Released in September, this report is not about making candy canes. Compiled by the Engelberg Center for Health Care Reform at the Brookings Institution, the paper proposes that health care reform should include comprehensive efforts to achieve higher-value care. The report was co-signed by a distinguished group of scholars and policymakers: Joseph Antos, Ph.D., (American Enterprise Institute for Public Policy Research); John Bertko (Brookings Institution); Michael Chernew, Ph.D., (Harvard Medical School); David Cutler, Ph.D., (Harvard University); Dana Goldman, Ph.D., (RAND Corporation); Mark McClellan, M.D., Ph.D., (The Brookings Institution); Elizabeth McGlynn, Ph.D., (RAND Corporation); Mark Pauly, Ph.D., ( University of Pennsylvania); Leonard Schaeffer (University of Southern California); and Stephen Shortell, Ph.D., (University of California, Berkeley).
Is Massachusetts Reform Working for Doctors?
This study, published in the Oct. 21 issue of the New England Journal of Medicine, finds that 70% of practicing physicians in Massachusetts support health reform three years after its passage in 2006. We partnered with Blue Cross Blue Shield of Massachusetts Foundation to fund the research, which was designed and conducted by researchers at the Harvard School of Public Health.
Trust for America’s Health Prevention Poll
The poll, conducted for RWJF and Trust for America’s Health by Greenberg Quinlan Rosner Research and Public Opinion Strategies, indicates the majority of Americans support disease prevention investments as a part of national health reform. Poll findings were released in November.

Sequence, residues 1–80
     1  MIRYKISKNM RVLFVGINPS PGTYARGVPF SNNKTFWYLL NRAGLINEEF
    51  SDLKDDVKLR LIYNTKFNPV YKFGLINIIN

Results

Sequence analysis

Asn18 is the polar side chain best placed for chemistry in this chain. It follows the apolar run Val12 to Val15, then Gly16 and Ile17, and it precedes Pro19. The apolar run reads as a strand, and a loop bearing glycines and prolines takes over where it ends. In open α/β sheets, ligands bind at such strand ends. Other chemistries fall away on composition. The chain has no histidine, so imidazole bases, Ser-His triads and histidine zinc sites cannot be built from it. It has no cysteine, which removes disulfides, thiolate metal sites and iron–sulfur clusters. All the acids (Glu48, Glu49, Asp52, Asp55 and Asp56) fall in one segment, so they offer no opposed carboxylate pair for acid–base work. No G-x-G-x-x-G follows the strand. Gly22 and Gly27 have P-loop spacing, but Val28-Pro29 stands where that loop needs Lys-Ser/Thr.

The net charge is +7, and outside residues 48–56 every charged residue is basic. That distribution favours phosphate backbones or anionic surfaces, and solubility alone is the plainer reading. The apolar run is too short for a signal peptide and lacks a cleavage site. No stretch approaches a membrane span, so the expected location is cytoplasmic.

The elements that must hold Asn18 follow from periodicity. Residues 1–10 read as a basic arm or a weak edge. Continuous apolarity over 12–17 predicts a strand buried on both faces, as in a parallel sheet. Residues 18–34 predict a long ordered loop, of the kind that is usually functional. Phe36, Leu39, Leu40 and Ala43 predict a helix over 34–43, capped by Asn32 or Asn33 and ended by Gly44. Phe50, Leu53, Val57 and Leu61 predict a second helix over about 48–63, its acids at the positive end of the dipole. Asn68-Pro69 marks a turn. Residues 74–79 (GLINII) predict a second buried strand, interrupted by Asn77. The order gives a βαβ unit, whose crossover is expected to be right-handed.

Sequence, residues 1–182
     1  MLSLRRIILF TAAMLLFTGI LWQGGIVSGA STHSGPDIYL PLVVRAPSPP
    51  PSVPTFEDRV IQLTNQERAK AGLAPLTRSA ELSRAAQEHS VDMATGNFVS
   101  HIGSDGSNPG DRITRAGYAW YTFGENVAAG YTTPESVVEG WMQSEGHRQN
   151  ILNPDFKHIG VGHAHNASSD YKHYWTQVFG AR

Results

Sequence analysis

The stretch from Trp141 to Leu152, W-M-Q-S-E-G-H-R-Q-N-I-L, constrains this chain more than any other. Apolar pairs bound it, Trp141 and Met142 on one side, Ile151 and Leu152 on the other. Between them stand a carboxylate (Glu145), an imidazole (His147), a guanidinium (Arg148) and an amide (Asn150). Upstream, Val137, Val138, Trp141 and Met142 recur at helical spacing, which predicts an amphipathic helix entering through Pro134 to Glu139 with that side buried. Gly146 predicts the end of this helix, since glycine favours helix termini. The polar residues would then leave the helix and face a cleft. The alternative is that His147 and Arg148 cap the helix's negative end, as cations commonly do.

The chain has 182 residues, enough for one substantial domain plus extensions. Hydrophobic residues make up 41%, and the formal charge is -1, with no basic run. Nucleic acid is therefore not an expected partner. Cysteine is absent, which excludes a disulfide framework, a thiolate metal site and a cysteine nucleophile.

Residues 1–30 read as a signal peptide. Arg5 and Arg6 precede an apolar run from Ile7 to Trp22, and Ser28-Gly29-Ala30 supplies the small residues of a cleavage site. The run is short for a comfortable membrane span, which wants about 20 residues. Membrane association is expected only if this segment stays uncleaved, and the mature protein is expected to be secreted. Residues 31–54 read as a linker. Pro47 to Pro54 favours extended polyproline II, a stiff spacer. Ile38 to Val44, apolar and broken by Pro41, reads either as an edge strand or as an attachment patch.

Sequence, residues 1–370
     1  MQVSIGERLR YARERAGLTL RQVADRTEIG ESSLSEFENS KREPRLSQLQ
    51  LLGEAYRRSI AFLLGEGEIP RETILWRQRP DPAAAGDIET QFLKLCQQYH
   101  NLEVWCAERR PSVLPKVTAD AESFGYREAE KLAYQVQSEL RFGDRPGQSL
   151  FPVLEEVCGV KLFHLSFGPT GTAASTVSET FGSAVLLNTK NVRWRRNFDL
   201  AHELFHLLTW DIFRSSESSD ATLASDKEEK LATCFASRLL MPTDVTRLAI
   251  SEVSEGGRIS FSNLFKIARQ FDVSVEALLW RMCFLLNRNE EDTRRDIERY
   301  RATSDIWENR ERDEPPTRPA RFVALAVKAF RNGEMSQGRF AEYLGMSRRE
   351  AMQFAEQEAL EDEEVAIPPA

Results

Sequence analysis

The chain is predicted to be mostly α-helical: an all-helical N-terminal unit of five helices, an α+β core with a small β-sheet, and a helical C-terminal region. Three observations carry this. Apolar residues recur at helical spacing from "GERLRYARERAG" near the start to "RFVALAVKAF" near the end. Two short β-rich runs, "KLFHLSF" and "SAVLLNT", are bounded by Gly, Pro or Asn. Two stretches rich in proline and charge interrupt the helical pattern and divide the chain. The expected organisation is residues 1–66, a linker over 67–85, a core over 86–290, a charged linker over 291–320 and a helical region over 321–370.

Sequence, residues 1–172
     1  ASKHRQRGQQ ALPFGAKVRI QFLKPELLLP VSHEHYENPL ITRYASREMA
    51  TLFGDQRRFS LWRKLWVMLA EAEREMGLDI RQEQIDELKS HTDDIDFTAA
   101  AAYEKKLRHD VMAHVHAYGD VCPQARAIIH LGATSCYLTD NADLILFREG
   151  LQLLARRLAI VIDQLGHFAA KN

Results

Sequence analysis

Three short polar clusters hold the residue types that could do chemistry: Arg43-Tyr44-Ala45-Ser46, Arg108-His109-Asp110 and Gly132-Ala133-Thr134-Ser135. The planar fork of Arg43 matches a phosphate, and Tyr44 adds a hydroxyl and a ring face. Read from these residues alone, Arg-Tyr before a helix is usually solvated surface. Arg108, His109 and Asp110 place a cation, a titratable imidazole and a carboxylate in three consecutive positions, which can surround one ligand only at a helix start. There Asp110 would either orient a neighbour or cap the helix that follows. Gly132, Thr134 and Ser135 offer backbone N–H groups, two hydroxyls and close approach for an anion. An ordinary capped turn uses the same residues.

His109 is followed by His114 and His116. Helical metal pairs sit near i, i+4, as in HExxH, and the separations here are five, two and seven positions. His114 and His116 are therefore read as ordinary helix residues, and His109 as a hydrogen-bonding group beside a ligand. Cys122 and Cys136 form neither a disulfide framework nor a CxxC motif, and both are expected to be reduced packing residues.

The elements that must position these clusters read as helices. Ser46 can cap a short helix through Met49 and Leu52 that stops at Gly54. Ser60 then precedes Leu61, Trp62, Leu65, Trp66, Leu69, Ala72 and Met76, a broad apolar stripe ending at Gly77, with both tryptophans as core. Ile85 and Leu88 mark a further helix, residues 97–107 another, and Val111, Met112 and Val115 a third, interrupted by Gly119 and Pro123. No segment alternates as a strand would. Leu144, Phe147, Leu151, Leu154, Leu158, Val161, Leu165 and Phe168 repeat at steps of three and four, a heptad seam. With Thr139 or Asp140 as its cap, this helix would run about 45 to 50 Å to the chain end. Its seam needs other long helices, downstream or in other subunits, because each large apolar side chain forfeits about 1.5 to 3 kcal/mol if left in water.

A State Policymaker's Guide to Federal Health Reform
These three documents released by the National Academy for State Health Policy (NASHP) last month identify the most challenging health policy issues that states are addressing; describe the tools they have at their disposal and how federal health reform may affect those tools. It also describes the support they would need to implement federal health reform legislation.
County and City Health Departments: The Need for Sustainable Funding and the Potential Effect of Health Care Reform on their Operations
This report, released earlier this month by Health Management Associates, analyzes the effects that substantial funding cutbacks from local, state, and federal sources have had on already-strapped local health departments.
Leveling the Field - Ensuring Equity Through National Health Care Reform
Bruce Siegel, M.D., and Lea Nolan, M.A., from the Center for Health Care Quality, The George Washington University School of Public Health and Health Services, published this piece in the Dec 3 edition of the New England Journal of Medicine. The paper discusses how health reform legislation would reduce racial and ethnic disparities by extending coverage to disadvantaged groups.
The Cost of Failure to Enact Health Reform: Implications for States
Released at the end of September, researchers from the Urban Institute used their Health Insurance Policy Simulation Model to estimate how coverage and cost trends would change in every state between now and 2019 if the health system is not reformed.
Wishing you a happy and healthy holiday season. May all your policy papers be white!